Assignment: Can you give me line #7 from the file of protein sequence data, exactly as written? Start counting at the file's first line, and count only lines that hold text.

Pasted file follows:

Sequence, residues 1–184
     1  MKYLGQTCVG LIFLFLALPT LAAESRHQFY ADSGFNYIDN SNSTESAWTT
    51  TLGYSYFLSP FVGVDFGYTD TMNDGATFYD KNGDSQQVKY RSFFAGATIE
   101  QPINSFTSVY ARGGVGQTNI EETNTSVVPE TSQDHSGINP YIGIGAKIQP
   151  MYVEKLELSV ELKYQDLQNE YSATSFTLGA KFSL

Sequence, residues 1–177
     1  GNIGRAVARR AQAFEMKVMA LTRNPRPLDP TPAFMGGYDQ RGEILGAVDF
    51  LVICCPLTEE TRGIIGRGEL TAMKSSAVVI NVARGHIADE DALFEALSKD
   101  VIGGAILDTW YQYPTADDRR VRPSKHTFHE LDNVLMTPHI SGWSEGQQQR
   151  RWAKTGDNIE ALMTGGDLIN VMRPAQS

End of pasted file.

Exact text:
     1  GNIGRAVARR AQAFEMKVMA LTRNPRPLDP TPAFMGGYDQ RGEILGAVDF